“You may be surprised to find out that an average slice of pizza and a bowl of cereal with whole milk contain nearly the same amount of calories,” explained Chelsey Amer, MS, RDN, CDN to The Daily Meal.
It’s worth bearing in mind, however, that if you were eating pizza for breakfast you’d likely have more than one slice (because who eats just one slice of pizza?) so you would be eating more calories than a bowl of cereal.
“However, pizza packs a much larger protein punch, which will keep you full and boost satiety throughout the morning,” Amer continued.
“Plus, a slice of pizza contains more fat and much less sugar than most cold cereals, so you will not experience a quick sugar crash.”
But she did admit that pizza isn’t exactly a health food and sadly can’t really be considered a nutritious option to have regularly.
“Whilst it is true pizza can be a well balanced meal containing carbs, protein and essential fats, that is not to say it is a healthier breakfast choice than cereal,” Harley Street nutritionist Rhiannon Lambert explained to The Independent.
“Labelling certain meals can sometimes be unhelpful and what we should really be focusing on is the nutritional content of our food choices, instead of its calorie count. This is because not all calories are equal.”
At the end of the day, it comes down to what pizza and what cereal you’re eating.
Some cereals contain large amounts of sugar and have next to no protein or healthy fats to keep you full.
Amongst the worst offenders on the British supermarket shelves are Frosties (3.7 sugar cubes per 40g serving), Coco Pops (3.5) and Crunchy Nut (3.5).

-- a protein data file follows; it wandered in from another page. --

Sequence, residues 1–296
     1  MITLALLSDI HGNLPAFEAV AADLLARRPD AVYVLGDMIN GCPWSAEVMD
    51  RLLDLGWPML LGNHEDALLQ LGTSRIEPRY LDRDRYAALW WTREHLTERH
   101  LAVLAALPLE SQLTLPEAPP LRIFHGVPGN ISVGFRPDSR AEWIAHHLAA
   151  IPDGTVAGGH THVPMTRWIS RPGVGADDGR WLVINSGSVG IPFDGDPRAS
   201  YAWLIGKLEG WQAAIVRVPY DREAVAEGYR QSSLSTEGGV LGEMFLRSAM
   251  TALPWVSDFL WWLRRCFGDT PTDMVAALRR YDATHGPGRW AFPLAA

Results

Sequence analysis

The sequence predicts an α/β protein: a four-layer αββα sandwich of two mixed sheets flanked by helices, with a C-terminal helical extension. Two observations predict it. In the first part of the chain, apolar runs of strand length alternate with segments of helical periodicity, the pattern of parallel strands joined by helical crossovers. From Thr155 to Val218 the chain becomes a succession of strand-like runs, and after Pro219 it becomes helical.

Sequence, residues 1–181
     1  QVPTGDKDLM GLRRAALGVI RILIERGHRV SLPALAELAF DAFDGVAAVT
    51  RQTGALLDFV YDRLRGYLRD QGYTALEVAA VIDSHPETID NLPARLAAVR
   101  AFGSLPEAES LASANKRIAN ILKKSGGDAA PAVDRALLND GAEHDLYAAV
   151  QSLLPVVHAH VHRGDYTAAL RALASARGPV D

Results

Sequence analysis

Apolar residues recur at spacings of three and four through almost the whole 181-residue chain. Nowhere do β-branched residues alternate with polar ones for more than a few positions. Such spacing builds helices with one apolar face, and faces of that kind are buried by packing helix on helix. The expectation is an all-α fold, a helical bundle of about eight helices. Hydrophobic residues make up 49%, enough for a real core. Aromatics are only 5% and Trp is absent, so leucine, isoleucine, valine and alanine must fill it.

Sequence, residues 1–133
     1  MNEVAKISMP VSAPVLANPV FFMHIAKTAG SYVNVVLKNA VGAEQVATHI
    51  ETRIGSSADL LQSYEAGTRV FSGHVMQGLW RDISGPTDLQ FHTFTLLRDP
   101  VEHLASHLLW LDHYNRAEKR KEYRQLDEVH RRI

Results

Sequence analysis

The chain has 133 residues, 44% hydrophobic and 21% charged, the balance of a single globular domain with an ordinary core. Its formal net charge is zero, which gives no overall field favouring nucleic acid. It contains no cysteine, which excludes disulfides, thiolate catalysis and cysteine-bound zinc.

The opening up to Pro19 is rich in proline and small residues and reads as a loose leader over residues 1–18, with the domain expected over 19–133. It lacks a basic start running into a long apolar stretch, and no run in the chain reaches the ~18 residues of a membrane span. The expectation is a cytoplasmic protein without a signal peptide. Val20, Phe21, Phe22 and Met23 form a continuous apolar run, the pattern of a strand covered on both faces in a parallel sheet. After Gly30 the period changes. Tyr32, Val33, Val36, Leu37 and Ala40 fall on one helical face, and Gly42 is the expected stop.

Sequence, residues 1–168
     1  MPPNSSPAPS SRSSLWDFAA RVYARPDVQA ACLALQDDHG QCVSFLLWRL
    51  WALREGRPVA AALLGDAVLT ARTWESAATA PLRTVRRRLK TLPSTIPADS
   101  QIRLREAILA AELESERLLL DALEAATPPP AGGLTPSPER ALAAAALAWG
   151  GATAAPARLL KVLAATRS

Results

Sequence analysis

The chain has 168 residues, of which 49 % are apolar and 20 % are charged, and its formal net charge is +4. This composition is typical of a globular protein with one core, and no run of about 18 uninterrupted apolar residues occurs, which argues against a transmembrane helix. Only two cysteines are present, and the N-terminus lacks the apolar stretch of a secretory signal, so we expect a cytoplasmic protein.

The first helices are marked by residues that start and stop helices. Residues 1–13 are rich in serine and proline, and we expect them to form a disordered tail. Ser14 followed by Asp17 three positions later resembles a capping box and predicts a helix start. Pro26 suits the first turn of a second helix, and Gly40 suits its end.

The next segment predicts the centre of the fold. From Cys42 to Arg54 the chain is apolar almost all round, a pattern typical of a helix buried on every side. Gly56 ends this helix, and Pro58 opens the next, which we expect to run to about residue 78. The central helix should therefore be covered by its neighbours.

At 4g sugar per cube, that’s nearly 15g of sugar per serving, which is half an adult’s recommended daily allowance of free sugars. And many people have more than a 40g serving of cereal too.
So what should you be eating?
“A healthy and well balanced breakfast ideally includes a substantial amount of protein,” Lambert says. “This is something that breakfast cereals may be lacking. We also need to be aware of the added sugar content in cereals as some of them are surprisingly high.
“On the other hand, there are some cereals available on the market that are good sources of wholegrain carbohydrates and rich in fibre. Fibre is something that a lot of people are lacking in their diet. If you enjoy cereal for breakfast, try one that is high in fibre and add some nuts or seeds for a protein boost.”
But this doesn’t mean you can’t ever eat pizza for breakfast either.
“If we’re talking about a big greasy pizza ordered online then it’s probably not the most well balanced meal to eat for breakfast,” explains Lambert, who has a healthy pizza alternative in her book Re-Nourish: A Simple Way To Eat Well.
“However, as mentioned, pizzas can be a healthy balance of carbs, fats and protein so as long as it doesn’t contain unhealthy additives, who’s to say we can’t eat pizza for breakfast?”